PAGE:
Life on the road (EM)

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January 30th 2013
Published: February 1st 2013
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I couldn't be in India for a month and not write a big about the Indian road network!!! The best way to summarise is “expect the unexpected” and we've certainly seen our share of that during the past 4 weeks. From overloaded lorries to scooters with family of four on board we really have seen everything India has to offer. We've seen buses so overloaded with people standing in the aisle it's leaning heavily to one side, rickshaws with fridges hanging out of the back, scooters with water barrels on and many many more crazy sights!

2 wheelers are much more prevalent here in India and provide many people with affordable transport between towns and villages. Scooters are very popular for women to drive and motorbikes are parked outside most houses. Rickshaws are very common sight across the whole of India, operating as taxis, light goods vehicles and school transport.

Motorways under construction can take years to finish due to disputes over land ownership, which results in many "diversions" from the main highway on most routes between towns. A lot of people ignore these signs and stick to the unfinished part of the road anyway and then some people just drive down the wrong side of the main highway because the route is shorter! Our bus driver Nagaraj has looked after us tremendously well and doesn't take any chances when trying to overtake. He is always paying attention to the road ahead and despite the constant tooting from other drivers, refuses to overtake until the road is completely clear.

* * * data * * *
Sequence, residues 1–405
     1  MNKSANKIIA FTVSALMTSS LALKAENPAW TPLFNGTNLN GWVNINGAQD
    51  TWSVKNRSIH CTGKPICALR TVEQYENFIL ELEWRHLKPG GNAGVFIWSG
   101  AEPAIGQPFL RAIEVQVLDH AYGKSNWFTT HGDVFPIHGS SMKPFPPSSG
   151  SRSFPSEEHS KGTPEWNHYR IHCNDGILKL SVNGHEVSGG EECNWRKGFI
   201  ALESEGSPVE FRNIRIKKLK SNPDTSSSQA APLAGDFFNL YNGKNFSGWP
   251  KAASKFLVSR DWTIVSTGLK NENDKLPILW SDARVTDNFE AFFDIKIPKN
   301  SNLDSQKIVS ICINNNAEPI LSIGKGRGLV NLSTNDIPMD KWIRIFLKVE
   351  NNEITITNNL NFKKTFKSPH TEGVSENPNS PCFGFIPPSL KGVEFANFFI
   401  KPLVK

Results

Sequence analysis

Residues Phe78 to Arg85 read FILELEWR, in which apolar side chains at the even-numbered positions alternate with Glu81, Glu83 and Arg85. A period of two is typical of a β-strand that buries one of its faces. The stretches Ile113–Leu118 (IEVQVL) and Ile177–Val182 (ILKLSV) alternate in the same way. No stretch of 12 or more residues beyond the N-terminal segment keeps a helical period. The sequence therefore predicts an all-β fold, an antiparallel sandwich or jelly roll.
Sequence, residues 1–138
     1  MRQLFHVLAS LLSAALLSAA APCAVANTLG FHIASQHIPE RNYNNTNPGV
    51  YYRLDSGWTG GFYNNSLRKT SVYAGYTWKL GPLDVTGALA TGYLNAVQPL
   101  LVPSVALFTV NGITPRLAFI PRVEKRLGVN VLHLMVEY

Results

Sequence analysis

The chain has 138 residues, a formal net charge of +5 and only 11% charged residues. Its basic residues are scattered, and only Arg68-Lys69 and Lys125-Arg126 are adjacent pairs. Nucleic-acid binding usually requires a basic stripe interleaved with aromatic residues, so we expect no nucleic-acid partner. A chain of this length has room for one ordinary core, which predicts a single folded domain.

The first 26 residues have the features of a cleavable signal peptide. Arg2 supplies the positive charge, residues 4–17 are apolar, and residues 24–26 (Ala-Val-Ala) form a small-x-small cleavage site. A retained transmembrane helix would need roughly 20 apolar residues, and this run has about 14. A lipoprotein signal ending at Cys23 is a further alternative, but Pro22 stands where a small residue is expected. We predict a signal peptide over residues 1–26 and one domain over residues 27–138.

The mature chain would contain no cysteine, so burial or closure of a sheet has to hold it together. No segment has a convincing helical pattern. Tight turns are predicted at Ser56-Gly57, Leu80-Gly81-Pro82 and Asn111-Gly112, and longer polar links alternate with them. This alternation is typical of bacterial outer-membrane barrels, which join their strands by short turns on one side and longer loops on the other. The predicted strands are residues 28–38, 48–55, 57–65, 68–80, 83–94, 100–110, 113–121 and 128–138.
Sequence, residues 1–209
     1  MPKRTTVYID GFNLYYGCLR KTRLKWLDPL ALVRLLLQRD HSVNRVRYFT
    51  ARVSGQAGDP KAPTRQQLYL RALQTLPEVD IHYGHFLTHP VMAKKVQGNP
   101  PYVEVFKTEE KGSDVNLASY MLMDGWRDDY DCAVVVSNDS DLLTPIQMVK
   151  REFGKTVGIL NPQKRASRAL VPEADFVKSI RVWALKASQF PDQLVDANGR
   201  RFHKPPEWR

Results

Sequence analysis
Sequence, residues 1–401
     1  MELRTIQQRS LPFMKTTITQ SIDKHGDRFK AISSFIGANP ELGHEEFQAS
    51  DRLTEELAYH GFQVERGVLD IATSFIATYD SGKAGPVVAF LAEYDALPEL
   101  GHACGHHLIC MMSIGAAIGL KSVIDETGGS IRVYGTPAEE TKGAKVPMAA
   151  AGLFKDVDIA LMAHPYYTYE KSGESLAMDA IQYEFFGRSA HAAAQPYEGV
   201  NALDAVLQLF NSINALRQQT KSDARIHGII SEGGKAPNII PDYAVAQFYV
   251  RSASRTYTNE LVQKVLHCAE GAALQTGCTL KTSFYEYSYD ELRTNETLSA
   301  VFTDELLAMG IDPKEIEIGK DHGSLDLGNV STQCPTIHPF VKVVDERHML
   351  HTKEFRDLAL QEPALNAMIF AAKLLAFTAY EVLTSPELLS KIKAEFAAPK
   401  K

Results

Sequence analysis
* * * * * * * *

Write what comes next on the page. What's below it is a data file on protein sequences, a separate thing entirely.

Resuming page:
Millet thrashing on the main road is another strange practice we have observed on rural roads, where farmers put out in large piles and as the cars drive over the seeds are removed from their shells and the farmers collect these after a few hours. This practice is not recommended by the Government as it can cause damage to vehicles and pollute the crops with diesel.

Lorries here in India are very interesting and painted with very bright colours and interesting warning signs on the bumper! They carry everything from rocks to coffee and lots more! A lot of them are Ashok Leyland brand which have a UK subsidiary company called Optare which has recently shut down it's factory in Blackburn, Lancashire.

Here you will find a few photos collected on our travels and hope you enjoy!!! Emily X

Additional photos below
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1st February 2013

Highway Code!!
Thanks for sharing these photos - they have brightened up my day :) With wonderful colour and crazyness. Not long now and you'll be on your return journey to the UK. We look forward to hearing all about your experiences in the coming months. Have a safe journey takes on a different meaning after seeing these photos.

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